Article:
In a shocking claim that many did not want to believe was true, a former employee from the Spencer County Animal Shelter told Eyewitness News that they were asked to freeze an animal to death. The employee, Bridgett Woodson, described how animal control officer Christina Payne asked her to place an animal in a bag, and then in a freezer in two separate occasions, according to Tristate.
The exposé kicked off an investigation into the allegations. Lead investigator, Spencer County Sheriff’s Office Detective Chris King, said that the reports described by Woodson were true. In fact, King discovered that animals had been euthanized by freezing on at least two separate occasions. In one of the instances, four kittens are believed to have been frozen to death. These claims have been corroborated by multiple witnesses.
These animals were not sedated before they were frozen, and were put in the freezer while they were still alive.
The investigation will be turned over to a new agency due to conflicting interests.
And Woodson did what she could to try to end the practice. She said that she approached the board about her concerns, but once she realized that no action was going to be taken she resigned. But knowing that the fate of more animals could be in her hands, she spoke out to the media, which had a more immediate effect on the problem, detailed Tristate.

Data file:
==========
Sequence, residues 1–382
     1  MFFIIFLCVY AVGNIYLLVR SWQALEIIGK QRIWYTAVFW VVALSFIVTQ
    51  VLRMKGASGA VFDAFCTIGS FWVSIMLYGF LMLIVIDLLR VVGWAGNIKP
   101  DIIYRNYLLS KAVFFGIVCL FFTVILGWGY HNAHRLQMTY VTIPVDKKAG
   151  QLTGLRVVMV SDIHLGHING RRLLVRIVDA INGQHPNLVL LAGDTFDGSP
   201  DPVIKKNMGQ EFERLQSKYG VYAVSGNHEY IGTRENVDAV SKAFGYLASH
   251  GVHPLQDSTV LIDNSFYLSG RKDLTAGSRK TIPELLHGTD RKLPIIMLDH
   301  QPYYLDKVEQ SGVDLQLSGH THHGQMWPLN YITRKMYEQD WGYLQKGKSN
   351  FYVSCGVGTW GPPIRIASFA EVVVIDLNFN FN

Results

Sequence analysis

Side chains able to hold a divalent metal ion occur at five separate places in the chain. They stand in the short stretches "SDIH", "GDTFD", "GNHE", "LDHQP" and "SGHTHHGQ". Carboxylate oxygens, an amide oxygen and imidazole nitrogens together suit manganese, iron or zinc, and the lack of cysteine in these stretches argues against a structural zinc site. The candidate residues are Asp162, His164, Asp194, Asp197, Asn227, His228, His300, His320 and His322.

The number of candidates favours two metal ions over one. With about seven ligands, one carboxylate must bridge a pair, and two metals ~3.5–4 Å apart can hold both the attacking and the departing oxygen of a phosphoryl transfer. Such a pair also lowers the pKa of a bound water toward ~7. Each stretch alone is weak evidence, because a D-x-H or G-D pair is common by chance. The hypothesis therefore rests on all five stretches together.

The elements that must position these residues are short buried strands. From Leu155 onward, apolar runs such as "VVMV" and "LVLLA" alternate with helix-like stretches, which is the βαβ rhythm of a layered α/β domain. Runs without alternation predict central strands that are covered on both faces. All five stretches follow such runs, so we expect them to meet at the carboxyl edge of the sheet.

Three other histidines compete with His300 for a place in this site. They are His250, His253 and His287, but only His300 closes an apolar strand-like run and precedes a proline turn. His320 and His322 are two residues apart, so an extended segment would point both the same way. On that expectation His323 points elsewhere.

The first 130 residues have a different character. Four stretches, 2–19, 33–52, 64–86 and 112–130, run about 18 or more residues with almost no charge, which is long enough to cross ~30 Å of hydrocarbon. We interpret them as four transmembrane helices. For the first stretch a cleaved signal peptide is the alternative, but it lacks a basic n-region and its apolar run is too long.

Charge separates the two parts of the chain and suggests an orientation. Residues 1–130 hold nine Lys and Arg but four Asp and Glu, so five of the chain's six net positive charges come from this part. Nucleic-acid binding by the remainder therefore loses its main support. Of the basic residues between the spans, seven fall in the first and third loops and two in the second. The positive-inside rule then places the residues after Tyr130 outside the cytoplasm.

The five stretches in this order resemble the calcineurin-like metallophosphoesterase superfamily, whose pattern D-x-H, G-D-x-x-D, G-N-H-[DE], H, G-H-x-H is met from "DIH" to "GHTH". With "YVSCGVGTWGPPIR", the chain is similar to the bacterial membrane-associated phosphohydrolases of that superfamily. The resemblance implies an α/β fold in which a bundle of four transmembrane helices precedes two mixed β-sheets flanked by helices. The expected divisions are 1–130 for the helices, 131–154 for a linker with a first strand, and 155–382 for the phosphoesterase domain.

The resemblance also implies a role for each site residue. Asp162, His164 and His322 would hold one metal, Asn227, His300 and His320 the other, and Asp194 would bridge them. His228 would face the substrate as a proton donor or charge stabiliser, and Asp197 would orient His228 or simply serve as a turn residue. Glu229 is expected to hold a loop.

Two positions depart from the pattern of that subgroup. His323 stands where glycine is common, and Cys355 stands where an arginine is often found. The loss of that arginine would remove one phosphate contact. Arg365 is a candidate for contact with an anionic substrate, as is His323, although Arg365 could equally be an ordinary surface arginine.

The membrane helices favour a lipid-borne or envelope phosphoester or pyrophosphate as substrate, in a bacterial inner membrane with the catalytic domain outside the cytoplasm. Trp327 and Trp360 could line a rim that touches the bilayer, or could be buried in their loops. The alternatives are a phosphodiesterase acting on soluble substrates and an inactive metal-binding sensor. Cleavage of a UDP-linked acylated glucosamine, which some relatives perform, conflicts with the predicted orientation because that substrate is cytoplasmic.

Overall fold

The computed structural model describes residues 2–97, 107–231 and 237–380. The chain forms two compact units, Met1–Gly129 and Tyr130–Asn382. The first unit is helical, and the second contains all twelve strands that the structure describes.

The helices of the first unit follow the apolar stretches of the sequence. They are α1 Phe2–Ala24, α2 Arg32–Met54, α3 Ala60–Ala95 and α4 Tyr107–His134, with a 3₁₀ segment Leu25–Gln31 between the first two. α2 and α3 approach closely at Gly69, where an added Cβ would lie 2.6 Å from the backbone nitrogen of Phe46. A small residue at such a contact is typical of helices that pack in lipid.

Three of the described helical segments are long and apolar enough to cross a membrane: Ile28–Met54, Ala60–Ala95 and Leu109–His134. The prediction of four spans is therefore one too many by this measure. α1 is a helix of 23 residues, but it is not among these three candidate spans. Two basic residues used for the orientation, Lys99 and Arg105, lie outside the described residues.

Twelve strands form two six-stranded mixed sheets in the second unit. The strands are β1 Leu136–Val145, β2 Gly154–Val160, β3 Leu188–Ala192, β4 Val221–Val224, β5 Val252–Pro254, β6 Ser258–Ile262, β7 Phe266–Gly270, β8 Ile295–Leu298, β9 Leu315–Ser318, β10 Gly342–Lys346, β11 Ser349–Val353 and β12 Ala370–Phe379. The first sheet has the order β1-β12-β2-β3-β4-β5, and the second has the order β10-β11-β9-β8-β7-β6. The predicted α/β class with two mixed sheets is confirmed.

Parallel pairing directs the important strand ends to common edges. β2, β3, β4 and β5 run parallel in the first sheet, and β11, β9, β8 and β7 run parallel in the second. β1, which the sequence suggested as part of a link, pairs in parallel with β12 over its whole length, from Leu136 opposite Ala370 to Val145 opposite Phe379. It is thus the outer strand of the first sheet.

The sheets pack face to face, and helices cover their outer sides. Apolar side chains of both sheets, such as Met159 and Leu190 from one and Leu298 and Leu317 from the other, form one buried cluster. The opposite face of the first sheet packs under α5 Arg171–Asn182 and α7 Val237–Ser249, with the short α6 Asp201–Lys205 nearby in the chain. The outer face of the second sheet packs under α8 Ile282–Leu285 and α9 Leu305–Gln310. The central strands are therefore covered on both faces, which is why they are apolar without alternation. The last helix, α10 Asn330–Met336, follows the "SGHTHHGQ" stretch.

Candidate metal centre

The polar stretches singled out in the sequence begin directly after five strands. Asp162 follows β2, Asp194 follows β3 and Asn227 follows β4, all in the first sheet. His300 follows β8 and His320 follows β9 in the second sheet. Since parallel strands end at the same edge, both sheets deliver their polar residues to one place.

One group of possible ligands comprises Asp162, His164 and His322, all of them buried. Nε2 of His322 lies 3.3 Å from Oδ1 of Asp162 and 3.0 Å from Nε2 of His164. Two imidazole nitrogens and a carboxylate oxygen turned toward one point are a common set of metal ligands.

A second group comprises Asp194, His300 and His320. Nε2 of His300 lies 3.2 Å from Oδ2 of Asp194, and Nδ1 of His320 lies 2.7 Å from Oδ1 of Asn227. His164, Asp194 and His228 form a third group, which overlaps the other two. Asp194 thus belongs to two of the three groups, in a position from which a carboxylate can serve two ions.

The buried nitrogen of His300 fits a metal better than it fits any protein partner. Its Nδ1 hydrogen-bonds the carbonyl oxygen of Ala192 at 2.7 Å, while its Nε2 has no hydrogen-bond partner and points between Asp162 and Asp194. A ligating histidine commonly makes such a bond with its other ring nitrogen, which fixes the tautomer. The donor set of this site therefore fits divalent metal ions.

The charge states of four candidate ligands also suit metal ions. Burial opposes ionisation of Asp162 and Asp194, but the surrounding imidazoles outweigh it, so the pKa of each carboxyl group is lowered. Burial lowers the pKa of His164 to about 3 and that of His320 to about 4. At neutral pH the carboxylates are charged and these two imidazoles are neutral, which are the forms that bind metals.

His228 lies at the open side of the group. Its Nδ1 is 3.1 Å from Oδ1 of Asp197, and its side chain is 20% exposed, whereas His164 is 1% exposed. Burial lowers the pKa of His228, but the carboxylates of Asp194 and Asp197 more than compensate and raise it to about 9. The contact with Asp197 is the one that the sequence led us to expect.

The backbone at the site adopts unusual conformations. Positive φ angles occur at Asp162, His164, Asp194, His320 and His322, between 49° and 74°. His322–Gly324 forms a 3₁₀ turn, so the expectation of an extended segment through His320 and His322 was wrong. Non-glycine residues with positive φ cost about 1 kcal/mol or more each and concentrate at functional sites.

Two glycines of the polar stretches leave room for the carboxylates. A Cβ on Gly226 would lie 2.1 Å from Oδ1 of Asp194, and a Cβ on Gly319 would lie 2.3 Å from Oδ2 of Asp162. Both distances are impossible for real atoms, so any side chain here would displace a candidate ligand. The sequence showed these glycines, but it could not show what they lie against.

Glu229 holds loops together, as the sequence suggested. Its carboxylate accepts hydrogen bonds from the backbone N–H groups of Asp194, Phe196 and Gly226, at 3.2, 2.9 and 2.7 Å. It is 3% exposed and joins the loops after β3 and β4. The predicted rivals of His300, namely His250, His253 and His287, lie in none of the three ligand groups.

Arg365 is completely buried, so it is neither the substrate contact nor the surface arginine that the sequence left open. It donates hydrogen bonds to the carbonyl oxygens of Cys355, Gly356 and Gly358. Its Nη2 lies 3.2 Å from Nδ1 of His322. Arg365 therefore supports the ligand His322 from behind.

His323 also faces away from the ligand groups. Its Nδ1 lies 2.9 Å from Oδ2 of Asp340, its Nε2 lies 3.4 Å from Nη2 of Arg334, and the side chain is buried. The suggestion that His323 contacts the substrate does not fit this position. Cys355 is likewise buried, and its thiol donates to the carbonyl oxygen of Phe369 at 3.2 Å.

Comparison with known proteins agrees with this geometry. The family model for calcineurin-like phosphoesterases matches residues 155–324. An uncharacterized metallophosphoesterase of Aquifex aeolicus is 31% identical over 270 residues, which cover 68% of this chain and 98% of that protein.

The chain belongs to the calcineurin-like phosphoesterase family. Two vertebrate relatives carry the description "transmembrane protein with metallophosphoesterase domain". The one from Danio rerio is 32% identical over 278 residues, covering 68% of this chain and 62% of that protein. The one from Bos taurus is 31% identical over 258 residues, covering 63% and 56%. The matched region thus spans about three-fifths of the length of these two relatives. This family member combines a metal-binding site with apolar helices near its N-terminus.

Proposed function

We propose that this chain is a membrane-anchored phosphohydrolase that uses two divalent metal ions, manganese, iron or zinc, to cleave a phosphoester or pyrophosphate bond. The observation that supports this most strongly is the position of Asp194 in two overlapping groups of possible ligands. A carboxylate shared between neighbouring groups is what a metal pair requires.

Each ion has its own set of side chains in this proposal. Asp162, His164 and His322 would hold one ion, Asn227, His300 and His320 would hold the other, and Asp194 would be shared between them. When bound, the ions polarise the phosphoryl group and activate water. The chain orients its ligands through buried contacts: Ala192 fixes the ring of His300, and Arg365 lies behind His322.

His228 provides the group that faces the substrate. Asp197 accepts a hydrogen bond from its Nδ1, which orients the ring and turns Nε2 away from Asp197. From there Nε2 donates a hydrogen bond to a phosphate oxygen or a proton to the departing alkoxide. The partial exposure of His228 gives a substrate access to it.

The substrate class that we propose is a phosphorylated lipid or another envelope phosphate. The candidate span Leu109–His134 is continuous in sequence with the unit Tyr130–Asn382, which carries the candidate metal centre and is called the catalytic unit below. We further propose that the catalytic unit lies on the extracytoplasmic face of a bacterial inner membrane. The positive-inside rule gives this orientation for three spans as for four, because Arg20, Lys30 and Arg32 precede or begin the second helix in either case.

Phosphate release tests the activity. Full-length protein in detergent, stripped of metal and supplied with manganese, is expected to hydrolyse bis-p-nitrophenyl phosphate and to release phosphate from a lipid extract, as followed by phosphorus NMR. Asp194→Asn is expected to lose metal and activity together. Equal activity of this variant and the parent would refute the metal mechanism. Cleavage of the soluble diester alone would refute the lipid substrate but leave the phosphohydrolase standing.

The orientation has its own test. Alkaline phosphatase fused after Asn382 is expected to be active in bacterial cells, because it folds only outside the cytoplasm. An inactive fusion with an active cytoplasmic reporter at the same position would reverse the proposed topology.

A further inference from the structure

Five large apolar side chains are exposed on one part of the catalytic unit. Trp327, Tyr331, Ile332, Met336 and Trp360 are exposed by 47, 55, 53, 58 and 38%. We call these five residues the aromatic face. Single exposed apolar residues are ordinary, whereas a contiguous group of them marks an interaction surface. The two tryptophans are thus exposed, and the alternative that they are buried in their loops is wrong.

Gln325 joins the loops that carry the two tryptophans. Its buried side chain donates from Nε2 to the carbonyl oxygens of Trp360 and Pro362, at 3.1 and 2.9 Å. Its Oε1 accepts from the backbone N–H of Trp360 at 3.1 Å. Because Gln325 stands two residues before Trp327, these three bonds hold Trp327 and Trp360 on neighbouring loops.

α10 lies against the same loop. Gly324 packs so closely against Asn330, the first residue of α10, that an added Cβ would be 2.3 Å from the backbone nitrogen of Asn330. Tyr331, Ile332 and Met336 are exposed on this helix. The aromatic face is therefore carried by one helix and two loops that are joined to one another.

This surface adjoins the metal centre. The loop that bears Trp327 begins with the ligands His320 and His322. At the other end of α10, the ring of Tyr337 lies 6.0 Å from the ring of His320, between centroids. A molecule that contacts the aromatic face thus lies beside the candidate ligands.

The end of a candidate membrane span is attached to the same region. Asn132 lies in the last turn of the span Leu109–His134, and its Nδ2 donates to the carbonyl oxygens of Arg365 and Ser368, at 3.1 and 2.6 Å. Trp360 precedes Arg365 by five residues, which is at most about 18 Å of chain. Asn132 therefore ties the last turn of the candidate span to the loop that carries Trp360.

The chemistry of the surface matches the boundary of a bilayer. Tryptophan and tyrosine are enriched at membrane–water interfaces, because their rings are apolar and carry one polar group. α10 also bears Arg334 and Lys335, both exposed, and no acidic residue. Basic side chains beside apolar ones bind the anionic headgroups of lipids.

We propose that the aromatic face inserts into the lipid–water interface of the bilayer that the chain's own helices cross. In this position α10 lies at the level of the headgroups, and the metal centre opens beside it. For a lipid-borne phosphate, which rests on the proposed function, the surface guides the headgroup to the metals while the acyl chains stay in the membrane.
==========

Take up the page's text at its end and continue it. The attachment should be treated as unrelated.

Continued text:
Euthanizing animals this way is not acceptable according to the American Veterinary Medical Association. In fact, the authority says that hypothermia is an “unacceptable and inhumane mode of euthanasia.”
Since the story broke, the animal shelter deleted their Facebook post. Animal control officer Payne also hung up on reporters when they got a hold of her over the phone. The news station also discovered that on Saturday afternoon, the shelter had a sign that said they were not accepting or adopting cats because of a Panleukopenia outbreak.
For now, it’s unclear why Payne directed her subordinates to freeze the animals to death instead of following the correct procedure.
It’s a horrible story, one that Woodson wasn’t prepared to face when she started working at the shelter. She said that “at first I mean everything was really good, I felt like I was making a difference, but the more time I spent there the more cracks started to come through.”
In addition to the inhumane method of euthanasia being used, Woodson described inadequate veterinary care for cats that are adopted out. She also noted that the shelter failed to contact other locations to help relocate rescues in danger of being euthanized.